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Zhang Huan: Spring Poppy Fields

Zhang Huan

Spring Poppy Fields 

6 Burlington Gardens, London, W1S 3ET 25 April – 31 May 2014 Opening: Thursday 24 April 2014, 6.30 – 8.30 p.m.

Pace London is proud to present Spring Poppy Fields, an exhibition of new works by the Chinese artist Zhang Huan from 25 April to 31 May 2014 at 6 Burlington Gardens. Zhang Huan is one of the most vital, influential and provocative contemporary artists working today. Having explored the full spectrum of media, from performance to photography, installation, sculpture and painting, Zhang Huan’s Spring Poppy Fields oil paintings is the subject of his first exhibition at Pace London.

Spring Poppy Fields features fourteen vividly coloured, oil on linen paintings that have occupied the artist’s practice between 2011 and 2014. Alluding to Buddhist masks and iconography, the series is inspired by Zhang Huan’s extensive travel to Tibet, Nepal, Bhutan and India.

Employing an almost pointillist technique, Zhang Huan’s application of the thick pigment performs an optical illusion. From a distance, the canvas metamorphoses into a field of psychedelic colours; the pink, teal, lilac and cornflower blue palette appears to pulsate with energy. Upon closer inspection, the colours separate and the individual faces of the skulls emerge from their abstraction. Seemingly uncontrolled and haphazard, the placement of the skulls on the canvas is misleading.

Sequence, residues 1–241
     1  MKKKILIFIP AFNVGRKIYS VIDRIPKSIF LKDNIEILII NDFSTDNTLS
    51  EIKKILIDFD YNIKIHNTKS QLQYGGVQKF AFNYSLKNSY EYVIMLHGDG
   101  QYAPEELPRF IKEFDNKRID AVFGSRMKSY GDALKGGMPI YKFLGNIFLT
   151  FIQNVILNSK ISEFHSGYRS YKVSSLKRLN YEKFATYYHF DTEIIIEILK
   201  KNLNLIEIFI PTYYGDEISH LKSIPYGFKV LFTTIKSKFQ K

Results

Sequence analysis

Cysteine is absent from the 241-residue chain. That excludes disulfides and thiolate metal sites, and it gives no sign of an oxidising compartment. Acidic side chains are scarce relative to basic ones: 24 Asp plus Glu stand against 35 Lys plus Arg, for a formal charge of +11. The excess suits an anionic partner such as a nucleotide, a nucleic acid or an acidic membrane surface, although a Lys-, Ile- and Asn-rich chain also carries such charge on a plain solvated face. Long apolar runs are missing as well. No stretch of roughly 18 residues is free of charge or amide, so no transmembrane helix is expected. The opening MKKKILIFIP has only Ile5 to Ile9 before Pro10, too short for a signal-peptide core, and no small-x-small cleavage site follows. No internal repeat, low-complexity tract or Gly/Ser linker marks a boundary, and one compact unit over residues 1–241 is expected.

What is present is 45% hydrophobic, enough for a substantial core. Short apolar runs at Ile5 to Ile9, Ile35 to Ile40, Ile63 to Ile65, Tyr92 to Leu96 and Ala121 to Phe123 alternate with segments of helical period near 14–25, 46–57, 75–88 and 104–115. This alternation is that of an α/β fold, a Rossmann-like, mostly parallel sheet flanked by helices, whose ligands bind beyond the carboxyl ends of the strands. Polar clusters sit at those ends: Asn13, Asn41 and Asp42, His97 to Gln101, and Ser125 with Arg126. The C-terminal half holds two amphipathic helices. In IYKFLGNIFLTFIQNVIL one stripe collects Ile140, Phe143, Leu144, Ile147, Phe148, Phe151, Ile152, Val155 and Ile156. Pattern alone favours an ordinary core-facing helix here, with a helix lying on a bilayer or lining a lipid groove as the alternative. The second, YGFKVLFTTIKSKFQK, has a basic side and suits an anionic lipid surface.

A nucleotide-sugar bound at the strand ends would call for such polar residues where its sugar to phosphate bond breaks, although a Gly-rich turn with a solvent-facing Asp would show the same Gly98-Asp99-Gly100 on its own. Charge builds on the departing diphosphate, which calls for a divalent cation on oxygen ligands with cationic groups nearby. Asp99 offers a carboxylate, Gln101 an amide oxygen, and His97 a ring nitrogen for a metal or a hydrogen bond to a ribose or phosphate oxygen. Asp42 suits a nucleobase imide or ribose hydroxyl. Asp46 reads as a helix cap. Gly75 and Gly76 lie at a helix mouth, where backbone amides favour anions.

Zhang Huan’s recurring use of skulls stems from the artist’s early exploration of performance inspired by the body and human form. Drawing inspiration from the hallucinatory effects of the poppy’s opiate properties, the use of the skull motif reflects the Tibetan beliefs of endless deaths. In her essay, The Art of Impermanence: Zhang Huan and Tibetan Skulls, Kathryn H. Selig Brown discusses the Tibetan Buddhist beliefs, from which Zhang Huan draws, maintaining that skulls are reflective of the Buddhist cycle of birth, death, rebirth and journey to nirvana.

Becoming a lay Buddhist* near to nine years ago, Zhang Huan has since frequently adopted Buddhist icons and death rituals in his work. In accordance to Tibetan Buddhist philosophy, greed, anger, ignorance, pride and lust are all destructive emotions that will thwart one’s prospects at attaining nirvana. The skull plays an integral role in the destruction of the ego, preventing the temptation of worldly pleasures; in the words of Kathryn H. Selig Brown, “the enemy is the ego and the skull, a tool to smash it.”

Despite Zhang Huan’s heavy reliance upon Tibetan Buddhism, his choice of palette is non-Tibetan and paradoxical in its symbolism. The various colours, representative of “garish consumerism” in these paintings enhance the sinister and dark humoured qualities of the skull. The abrasive tones of the maniacal faces taunt at the darker effects of opium, reminiscent of Lewis Carroll’s Cheshire Cat’s opium-infused inane smile.

In addition, the Spring Poppy Fields paintings will feature ribs overlaying the original skulls. The ribs subtly blend into the canvas as a visual accompaniment to the composition and reference themes of “injuries, accidents, war and violence and disasters” according to Zhang Huan.

An exhibition catalogue is forthcoming with an essay by the curator and writer Elena Geuna.

* “Kulapati” or “lay Buddhist” are monks who live at home while obeying the doctrines of the Buddhist religion, as opposed to monks who leave their families and serve their religious beliefs all lifelong in temples.